Epicanthal fold
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  Epicanthal fold

Epicanthal fold

   A fold of skin that comes down across the inner angle (canthus) of the eye. The epicanthal fold is more common in children with Down syndrome and other birth defects than normal children and so is of value in diagnosis. Although some dictionaries state that this eye fold is found in peoples of Asian origin, this is not true. The normal Asian eyefold is continuous with the lower edge of the upper eyelid and actually appears distinctly different than a true epicanthal fold.


Skin is an organ of the integumentary system; which is composed of a layer of tissues that protect underlying muscles and organs. Skin is used for insulation, vitamin D production, sensation, and excretion (through sweat).

The organ of sight. The eye has a number of components. These components include but are not limited to the cornea, iris, pupil, lens, retina, macula, optic nerve, choroid and vitreous.

A grouping of signs and symptoms, based on their frequent co-occurrence, that may suggest a common underlying pathogenesis, course, familial pattern, or treatment selection.

The determination of the presence of a specific disease or infection, usually accomplished by evaluating clinical symptoms and laboratory tests.

The lid or cover of the eye, a movable fold of skin and muscle that can be closed over the eyeball or opened at will. Each eye has an upper and a lower lid. An eyelid is also called a palpebra.


Epicapsular stars
Remnants left on the eye of the hyaloid canal, from development in the womb.

The membrane that covers the outside of the heart.

A antioxidant flavonoid, occurring especially in woody plants as both (+)-catechin and (-)-epicatechin (cis) forms.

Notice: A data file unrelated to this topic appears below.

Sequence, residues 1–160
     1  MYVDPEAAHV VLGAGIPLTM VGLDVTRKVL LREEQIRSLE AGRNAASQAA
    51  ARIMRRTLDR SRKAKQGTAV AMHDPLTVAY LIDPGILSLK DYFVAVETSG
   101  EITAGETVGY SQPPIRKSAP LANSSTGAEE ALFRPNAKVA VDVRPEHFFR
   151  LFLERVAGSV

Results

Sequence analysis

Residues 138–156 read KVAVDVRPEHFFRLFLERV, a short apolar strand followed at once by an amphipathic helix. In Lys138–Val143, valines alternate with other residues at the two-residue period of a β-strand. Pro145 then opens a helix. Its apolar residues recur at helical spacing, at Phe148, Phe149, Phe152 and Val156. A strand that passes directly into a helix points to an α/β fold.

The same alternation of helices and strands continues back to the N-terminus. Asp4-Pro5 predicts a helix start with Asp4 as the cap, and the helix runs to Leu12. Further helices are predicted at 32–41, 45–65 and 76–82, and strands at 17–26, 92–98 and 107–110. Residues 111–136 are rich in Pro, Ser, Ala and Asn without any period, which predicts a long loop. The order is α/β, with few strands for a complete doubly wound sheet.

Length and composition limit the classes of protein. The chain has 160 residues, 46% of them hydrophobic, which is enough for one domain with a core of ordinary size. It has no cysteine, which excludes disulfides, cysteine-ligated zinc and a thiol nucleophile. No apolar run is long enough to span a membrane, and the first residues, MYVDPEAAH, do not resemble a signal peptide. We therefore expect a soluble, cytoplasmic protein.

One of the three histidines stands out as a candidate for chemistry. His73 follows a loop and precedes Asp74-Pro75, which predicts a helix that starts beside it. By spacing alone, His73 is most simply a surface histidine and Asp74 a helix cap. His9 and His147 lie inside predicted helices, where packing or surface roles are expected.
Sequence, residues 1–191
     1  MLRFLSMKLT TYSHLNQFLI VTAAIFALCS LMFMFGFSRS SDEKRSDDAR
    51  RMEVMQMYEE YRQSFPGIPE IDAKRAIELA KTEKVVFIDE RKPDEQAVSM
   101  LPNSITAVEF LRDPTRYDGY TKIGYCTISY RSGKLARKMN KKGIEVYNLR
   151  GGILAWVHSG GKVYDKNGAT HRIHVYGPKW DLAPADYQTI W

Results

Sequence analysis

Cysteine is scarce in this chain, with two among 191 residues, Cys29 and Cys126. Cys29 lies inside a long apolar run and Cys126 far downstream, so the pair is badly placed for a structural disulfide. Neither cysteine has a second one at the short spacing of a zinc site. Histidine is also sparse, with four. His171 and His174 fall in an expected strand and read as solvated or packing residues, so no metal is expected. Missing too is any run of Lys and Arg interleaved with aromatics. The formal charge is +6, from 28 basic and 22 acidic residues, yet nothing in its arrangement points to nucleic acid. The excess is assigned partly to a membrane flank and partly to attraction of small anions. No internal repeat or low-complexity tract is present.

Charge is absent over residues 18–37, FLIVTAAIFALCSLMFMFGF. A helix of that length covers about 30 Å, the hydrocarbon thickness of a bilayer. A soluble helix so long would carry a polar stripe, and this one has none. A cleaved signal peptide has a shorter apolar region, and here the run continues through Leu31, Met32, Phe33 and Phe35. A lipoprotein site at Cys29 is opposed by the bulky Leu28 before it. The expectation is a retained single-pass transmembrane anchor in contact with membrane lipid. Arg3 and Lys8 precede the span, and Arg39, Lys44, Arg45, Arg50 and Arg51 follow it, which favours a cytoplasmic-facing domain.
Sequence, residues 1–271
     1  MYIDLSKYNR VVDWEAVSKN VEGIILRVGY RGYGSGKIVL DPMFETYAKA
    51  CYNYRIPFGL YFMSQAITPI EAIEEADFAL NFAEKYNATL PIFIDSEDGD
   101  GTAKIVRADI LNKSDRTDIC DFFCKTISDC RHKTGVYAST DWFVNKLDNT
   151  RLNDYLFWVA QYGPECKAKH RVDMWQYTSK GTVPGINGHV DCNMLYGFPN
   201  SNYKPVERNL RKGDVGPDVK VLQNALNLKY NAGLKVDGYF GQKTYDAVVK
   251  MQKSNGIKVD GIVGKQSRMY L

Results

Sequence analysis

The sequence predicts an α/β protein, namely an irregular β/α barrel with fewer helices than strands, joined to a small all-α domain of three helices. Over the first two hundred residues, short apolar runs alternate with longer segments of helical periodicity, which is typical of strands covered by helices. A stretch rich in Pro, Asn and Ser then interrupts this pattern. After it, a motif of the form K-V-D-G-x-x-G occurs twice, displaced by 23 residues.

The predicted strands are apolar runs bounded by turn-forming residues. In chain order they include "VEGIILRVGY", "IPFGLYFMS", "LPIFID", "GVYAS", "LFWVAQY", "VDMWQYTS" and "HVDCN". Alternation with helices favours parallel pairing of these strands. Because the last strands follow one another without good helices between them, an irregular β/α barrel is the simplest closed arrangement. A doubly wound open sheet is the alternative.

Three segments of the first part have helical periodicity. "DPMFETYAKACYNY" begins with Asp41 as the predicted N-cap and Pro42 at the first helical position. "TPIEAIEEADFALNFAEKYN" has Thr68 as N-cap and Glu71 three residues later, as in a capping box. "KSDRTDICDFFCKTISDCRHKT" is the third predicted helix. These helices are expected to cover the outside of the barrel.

Common to both sexes; neither one nor the other.

A chlorinated epoxy compound used as an industrial solvent. It is a strong skin irritant and carcinogen.

A chlorinated epoxy compound used as an industrial solvent. It is a strong skin irritant and carcinogen.

Epichlorohydrin, (+-)-Isomer
A chlorinated epoxy compound used as an industrial solvent. It is a strong skin irritant and carcinogen.

Epichlorohydrin, (S)-Isomer
A chlorinated epoxy compound used as an industrial solvent. It is a strong skin irritant and carcinogen.

The principal sterol of all higher animals, distributed in body tissues, especially the brain and spinal cord, and in animal fats and oils.

Epicondylitides, Lateral Humeral
A condition characterized by pain in or near the lateral humeral epicondyle or in the forearm extensor muscle mass as a result of unusual strain. It occurs in tennis players as well as housewives, artisans, and violinists.

Enthesopathy at humeral epicondyle. May be medial (golfer's elbow) or lateral (tennis elbow).

Epicondylitis, Lateral Humeral
A condition characterized by pain in or near the lateral humeral epicondyle or in the forearm extensor muscle mass as a result of unusual strain. It occurs in tennis players as well as housewives, artisans, and violinists.

Epicort is a prescription or over-the-counter drug which is (or once was) approved in the United States and possibly in other countries. Active ingredient(s): hydrocortisone.

The main glucocorticoid secreted by the adrenal cortex. Its synthetic counterpart is used, either as an injection or topically, in the treatment of inflammation, allergy, collagen diseases, asthma, adrenocortical deficiency, shock, and some neoplastic conditions.